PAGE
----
Andrew Smith, 33, outside his apartment

My partner and I had a yard sale some months ago and we advertised free coffee to lure people in. It worked and ended up bringing Andrew by. We chatted for just a minute and I passed him my card on his way out. Then a couple of months went by and, seemingly out of the blue, I got a text from him, asking if I wanted to meet for coffee. And, just like that, we became friends. I don't meet many people like Andrew. He comes across as happy-go-lucky and optimistic, but with sincerity. Nobody would ever refer to me as happy-go-lucky and optimistic probably isn't the word that comes to mind when most think of me, although it might actually be a fair descriptor. Anyway, I found Andrew's take on things to be refreshing and thought he might have something to contribute here. Be sure to keep an eye out for him. He will surely brighten your day. 

As an aside and simply because I think it is very cool, since recording this interview Andrew has migrated to Alaska for the winter to train dogs for the Iditarod.

Who are you and how would you describe yourself?

I am Andrew Edward Smith. I describe myself as a giant ball of fun, introspective thoughts, and rugged sensibilities. 

What matters to you? What motivates me? 

It seems like relationships matter to me. And what motivates me in life is quite a few things, but I think seeing people at their best or to try to encourage them along the way - that motivates me. And also just doing pretty awesome things that you can dream up. You get this amazing gift to use your dreams to push you through some amazing experiences. So, just seeing that journey come together. Those are two different things, but I kinda mash 'em together, too. 

What concerns you? What gives you a heavy heart? 

Oh, I was just talking about this today at work on the drive back. It's not so much politics - don't upset me - everyone has a different opinion. It's the way people treat each other and hurt each other emotionally or physically or just the darkness that comes out of human spirit - this other side that people let in and let manipulate them. 'Cause I think they're meant to be really wonderful people. That gives me a heavy heart. I don't know. It's not meant to be that way. I'm very hopeful and optimistic, but it's not supposed to be that way.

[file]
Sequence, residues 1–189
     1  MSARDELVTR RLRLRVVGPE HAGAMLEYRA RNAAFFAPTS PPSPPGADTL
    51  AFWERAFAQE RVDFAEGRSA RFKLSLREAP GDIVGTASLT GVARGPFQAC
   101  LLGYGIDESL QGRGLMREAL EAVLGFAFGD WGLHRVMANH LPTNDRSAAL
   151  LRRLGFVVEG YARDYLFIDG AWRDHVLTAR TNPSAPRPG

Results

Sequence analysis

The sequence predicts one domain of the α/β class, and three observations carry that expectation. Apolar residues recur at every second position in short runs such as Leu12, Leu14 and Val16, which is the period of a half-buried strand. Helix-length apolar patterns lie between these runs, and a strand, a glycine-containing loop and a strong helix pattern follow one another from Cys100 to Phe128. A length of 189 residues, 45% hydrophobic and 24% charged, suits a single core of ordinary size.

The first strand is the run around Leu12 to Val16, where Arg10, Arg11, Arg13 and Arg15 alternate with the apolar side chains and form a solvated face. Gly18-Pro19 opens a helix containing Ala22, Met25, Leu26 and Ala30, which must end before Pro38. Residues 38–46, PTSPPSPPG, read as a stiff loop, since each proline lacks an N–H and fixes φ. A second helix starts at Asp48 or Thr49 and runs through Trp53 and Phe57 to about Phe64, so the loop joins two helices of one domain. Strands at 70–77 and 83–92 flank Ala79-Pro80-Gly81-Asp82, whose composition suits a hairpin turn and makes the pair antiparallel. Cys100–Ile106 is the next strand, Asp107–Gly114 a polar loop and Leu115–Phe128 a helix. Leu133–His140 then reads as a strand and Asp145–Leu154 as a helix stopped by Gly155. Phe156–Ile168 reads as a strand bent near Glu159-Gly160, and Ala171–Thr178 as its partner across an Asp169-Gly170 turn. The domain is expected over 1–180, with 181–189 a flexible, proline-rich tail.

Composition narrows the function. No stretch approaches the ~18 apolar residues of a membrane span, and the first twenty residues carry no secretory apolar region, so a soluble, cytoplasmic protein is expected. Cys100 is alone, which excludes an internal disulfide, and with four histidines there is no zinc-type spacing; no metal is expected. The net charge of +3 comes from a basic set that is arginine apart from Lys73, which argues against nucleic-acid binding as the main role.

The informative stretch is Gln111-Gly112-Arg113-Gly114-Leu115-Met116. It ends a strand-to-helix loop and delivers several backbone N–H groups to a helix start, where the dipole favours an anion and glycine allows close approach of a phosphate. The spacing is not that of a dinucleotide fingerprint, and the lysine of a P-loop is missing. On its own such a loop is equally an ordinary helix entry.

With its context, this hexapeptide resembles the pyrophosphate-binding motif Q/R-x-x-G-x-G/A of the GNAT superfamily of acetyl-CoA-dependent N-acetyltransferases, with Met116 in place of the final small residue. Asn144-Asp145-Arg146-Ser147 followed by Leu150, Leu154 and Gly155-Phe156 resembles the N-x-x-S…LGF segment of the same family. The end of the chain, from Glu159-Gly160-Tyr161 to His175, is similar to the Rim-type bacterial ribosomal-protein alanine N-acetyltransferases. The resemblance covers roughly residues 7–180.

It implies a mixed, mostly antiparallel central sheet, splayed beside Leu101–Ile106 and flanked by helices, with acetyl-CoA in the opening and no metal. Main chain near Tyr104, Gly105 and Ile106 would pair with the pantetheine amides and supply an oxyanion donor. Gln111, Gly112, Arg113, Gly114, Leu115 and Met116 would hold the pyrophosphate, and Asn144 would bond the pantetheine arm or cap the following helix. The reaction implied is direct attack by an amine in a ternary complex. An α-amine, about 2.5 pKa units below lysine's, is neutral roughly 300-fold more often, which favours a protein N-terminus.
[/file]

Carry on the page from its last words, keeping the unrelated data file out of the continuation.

What do we mean to each other, individual to individual? 

I feel like we are here... your neighbors and the people around you, they help fill in the gaps that you haven't quite got there. For example, I live in this nice apartment and the folks that rent it out to me are a beautiful married couple that have lived a long life and understand love and understand... You know, what that looks like to me is, Wow, I get to learn from them. So, that relationship/friendship... I'm the renter but I've become their friend - dear friend - and I'm very thankful to learn from them what a healthy marriage can look like and what a healthy love looks like. So, I think having your neighbors or your friends - people you meet - there's an opportunity to learn something. 

What does it to mean to you to be a part of a community? 

Yeah. It means everything. You have to have community. It's where memories are made. It's where deep belly laughs happen. It's hard to be whimsical by yourself. You know, you want to do that with people. So, it's everything. For sure. But, I feel like it's not for everyone. Something happens to people - they get hurt and they don't trust people and their hearts are messed up - and they don't believe or have hope for community. And they get into this other community that has the same beliefs and, therefore, they kind of feed off each other - misery loves company - and may end up at the same spot every week at this funky bar and talk about all their hurts. Or maybe not. I don't know. That's kind of what I've noticed. But, yeah, community's everything. I like to think I've got some great community that I'm cultivating now and want to continue to cultivate. And I'm being a bit more selective and I want people that are gonna make me better around me. But, you know, not like exclusive... 

If we aren't doing things the way we are supposed to be - you mentioned that before - we also don't have an example of when we were. So, what are your thoughts on social injustice and what's your role in doing something about it?